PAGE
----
There's Always So Much To Do

I had as poor a night's sleep as could be expected in a sagging hammock with my hips touching the ground. Mike and Becky left at first light as they had said they would. Sitting by the trail later, eating oatmeal and watching the forest come alive, I felt a twinge of desolation and loneliness at being left behind.

This morning would be a "make and mend" session, I decided. It was time to move on from 90 Mile Beach and prepare for the forests.

Hauling out all my gear, I removed as much sand and salt as possible and rinsed what I could with the water I had left.

I placed my solar charger in a patch of sunlight.

I went through my food bags, rationing and reorganising, pleased by the weight reduction and reassured that I had enough.

Then I bushwhacked 50 metres through thick brush down to a small stream, where I had a towel bath without soap.

Stripping off, I savoured the experience of being naked in the wild.

The water felt cold and invigorating when I planted my feet on the stream bed.

I filled my cooking pot and poured a clear stream over my head. I gasped at the shock, I did it again and again then towelled briskly.

My skin glowed.

The touch of warm sunlight filtering through the green canopy blessed it.

Fingering my beard, I longed for a razor but it had been left behind in Auckland.

No matter, I rinsed my socks, shorts, underwear and t-shirt, wrung them out and bundled them into the small towel.

I put on the thermal tights and top I had carried down, anticipating the return trip, and laced my shoes.

Then I retraced my steps, carrying back three litres of water.

At home, I reflected, you just turn on a tap. Most people don't even think about it, much less appreciate something so commonplace.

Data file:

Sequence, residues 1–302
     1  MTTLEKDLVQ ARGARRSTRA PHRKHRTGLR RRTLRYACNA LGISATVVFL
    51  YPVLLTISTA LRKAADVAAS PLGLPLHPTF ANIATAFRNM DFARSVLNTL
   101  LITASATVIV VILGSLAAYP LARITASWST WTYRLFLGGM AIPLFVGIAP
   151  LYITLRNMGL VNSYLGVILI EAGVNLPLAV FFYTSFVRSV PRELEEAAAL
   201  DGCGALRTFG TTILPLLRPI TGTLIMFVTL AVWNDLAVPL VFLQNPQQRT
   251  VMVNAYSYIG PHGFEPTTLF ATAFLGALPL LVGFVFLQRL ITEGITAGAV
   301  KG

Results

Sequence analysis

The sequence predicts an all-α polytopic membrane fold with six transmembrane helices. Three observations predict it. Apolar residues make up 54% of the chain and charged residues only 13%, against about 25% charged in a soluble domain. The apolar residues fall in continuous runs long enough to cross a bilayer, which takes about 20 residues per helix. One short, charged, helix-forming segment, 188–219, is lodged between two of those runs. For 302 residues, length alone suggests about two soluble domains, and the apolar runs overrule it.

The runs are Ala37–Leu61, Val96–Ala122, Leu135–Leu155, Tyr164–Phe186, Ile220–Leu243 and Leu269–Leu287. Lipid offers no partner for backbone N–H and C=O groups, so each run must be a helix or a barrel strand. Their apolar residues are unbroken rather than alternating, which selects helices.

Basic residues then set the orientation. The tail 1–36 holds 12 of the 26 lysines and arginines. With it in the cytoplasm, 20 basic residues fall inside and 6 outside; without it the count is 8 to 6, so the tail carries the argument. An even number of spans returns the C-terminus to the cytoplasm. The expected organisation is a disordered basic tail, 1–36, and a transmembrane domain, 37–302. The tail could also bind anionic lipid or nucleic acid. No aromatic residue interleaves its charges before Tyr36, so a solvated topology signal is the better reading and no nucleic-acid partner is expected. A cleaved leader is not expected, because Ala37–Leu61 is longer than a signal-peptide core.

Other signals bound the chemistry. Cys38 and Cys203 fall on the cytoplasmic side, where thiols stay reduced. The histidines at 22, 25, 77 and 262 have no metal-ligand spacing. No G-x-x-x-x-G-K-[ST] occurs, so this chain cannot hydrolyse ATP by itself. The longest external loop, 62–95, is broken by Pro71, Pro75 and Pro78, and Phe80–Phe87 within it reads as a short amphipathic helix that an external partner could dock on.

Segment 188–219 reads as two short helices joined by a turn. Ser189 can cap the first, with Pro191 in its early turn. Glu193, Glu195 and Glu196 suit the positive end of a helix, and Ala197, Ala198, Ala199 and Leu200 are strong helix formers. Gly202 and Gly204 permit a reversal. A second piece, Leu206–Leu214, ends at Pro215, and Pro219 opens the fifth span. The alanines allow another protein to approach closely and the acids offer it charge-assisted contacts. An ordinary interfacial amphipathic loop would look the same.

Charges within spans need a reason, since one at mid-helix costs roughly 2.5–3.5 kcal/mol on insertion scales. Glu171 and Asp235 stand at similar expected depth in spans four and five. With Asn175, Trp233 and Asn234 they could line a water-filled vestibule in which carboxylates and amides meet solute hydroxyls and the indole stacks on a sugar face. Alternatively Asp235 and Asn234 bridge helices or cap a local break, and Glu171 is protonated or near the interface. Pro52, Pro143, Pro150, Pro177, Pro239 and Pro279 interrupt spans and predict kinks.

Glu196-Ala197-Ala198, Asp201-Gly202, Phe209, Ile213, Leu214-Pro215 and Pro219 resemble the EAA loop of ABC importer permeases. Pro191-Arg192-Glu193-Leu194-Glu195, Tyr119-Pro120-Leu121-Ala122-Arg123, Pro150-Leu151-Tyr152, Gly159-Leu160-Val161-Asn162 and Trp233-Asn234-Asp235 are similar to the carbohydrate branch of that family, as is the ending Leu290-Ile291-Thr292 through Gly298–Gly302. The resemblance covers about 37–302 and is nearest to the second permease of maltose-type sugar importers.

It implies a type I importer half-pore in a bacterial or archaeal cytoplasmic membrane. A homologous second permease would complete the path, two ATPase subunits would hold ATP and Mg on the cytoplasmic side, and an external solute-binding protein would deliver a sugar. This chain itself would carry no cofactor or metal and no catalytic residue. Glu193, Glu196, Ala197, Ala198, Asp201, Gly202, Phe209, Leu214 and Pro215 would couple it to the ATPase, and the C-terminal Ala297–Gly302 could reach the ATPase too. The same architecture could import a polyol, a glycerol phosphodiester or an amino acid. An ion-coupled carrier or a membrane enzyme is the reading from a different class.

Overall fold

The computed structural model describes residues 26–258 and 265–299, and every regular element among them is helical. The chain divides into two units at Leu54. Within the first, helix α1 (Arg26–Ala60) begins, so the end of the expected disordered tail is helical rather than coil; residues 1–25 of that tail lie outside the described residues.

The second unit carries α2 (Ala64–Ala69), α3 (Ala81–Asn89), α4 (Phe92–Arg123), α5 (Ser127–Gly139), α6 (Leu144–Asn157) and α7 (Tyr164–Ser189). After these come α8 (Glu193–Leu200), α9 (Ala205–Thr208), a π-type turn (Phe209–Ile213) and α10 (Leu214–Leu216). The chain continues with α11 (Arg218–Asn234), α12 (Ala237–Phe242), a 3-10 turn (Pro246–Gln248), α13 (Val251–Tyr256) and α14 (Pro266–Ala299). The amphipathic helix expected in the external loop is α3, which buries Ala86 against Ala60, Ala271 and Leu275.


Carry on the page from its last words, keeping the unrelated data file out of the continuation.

Here in the forest, so much more is involved.

You need to plan your route to the water source.

You need to think about the worst case scenario and what you need to bring with you in case of a fall (these hill streams are always steep-sided.)

Then, you need to navigate there and back. It takes physical effort to climb over fallen trees, move through or around dense patches of vegetation, clamber down and then back up the stream banks, paying close attention to your foot and handholds.

When you wash, you need to think about the effect on the life in the stream.

Finally, you need to boil or treat the water you have carried back.

Out here, simply getting water is an adventure, especially when you are on your own.

It's satisfying. You know you've done something. It's good for the brain and for the body.

I'd like to take people into places like this.

There's always so much to do.

In a place like this, a simple activity is interesting.

It's never boring although it can be testing.

It makes you feel alive.

It's where we belong.